290s BC

From Wikipedia, the free encyclopedia
Jump to: navigation, search

During the 290s BC, Hellenistic civilization begins its emergence throughout the successor states of the former Argead Macedonian Empire of Alexander the Great resulting in the diffusion of Greek culture throughout the Ancient world and advances in Science, mathematics, philosophy and etc. Meanwhile, the Roman Republic is embroiled in war against the Samnites, the Mauryan Empire continues to thrive in Ancient India, and the Kingdom of Qin in Ancient China, the one which in the future will conquer its adversaries and unite China, begins to emerge as a significant power during the Warring States period.

Millennium: 1st millennium BC
Centuries: 4th century BC3rd century BC2nd century BC
Decades: 320s BC 310s BC 300s BC290s BC280s BC 270s BC 260s BC
Years: 299 BC 298 BC 297 BC 296 BC 295 BC 294 BC 293 BC 292 BC 291 BC 290 BC
Categories: BirthsDeathsArchitecture
EstablishmentsDisestablishments

290s BC: events by year[edit]

Contents: 299 BC 298 BC 297 BC 296 BC 295 BC 294 BC 293 BC 292 BC 291 BC 290 BC

299 BC[edit]

By place[edit]

Roman Republic[edit]

China[edit]

  • The state of Qin attacks eight cities of the state of Chu. Chu then sends an envoy to ask the King of Huai to go to Qin to negotiate peace. Qu Yuan risks his life to go up to the court to persuade the King of Huai not to go to the negotiation.
  • King Wuling of Zhao abdicates the throne of Zhao to his son.

298 BC[edit]

By place[edit]

Roman Republic[edit]

Sicily[edit]

Egypt[edit]

  • Ptolemy gives his stepdaughter Theoxena in marriage to Agathocles, the tyrant of Syracuse (in south-eastern Sicily).
  • Ptolemy finally brings the rebellious region of Cyrene under his control. He places the region under the rule of his stepson Magas.

India[edit]

297 BC[edit]

By place[edit]

Roman Republic[edit]

Greece[edit]

India[edit]

296 BC[edit]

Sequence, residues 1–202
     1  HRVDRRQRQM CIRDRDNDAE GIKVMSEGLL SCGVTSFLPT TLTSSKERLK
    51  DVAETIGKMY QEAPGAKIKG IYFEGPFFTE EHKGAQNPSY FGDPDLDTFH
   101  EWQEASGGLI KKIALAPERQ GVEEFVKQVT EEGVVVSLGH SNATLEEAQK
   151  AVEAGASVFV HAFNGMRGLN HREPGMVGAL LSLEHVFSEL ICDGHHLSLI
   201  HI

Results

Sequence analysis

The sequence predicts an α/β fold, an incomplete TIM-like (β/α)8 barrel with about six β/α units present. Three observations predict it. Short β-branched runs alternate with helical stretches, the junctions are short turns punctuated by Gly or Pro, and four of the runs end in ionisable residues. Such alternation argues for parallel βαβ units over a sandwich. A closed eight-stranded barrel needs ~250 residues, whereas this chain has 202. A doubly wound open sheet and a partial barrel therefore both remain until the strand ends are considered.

By place[edit]

Greece[edit]

Roman Republic[edit]

  • The temple to Bellona is erected at the south end of the prata Flaminia, later the Circus Flaminius, in Rome.[1]

295 BC[edit]

By place[edit]

Roman Republic[edit]

Greece[edit]

294 BC[edit]

By place[edit]

Greece[edit]

  • Archidamus IV, king of Sparta, son of Eudamidas I and grandson of Archidamus III, is defeated by Demetrius Poliorcetes of Macedonia in a battle at Mantinea. Sparta is saved only because Demetrius is called away by the threatening activities of his rivals Lysimachus and Ptolemy.
  • Alexander V of Macedon is ousted by his brother, Antipater II. Therefore Alexander V turns to Demetrius Poliorcetes for help in recovering his throne. However, Demetrius Poliorcetes establishes himself on the throne of Macedonia and then murders Alexander V. Antipater II loses the throne of Macedonia but is able to survive.
  • Pyrrhus of Epirus exploits the dynastic quarrel in Macedonia involving Alexander V of Macedon, his brother, Antipater II and Demetrius Poliorcetes to take over the frontier areas of Parauaea and Tymphaea, along with Acarnania, Ampholochia, and Ambracia.
  • Lysimachus concludes a peace with Demetrius Poliorcetes whereby Demetrius Poliorcetes is recognized as ruler of Macedonia.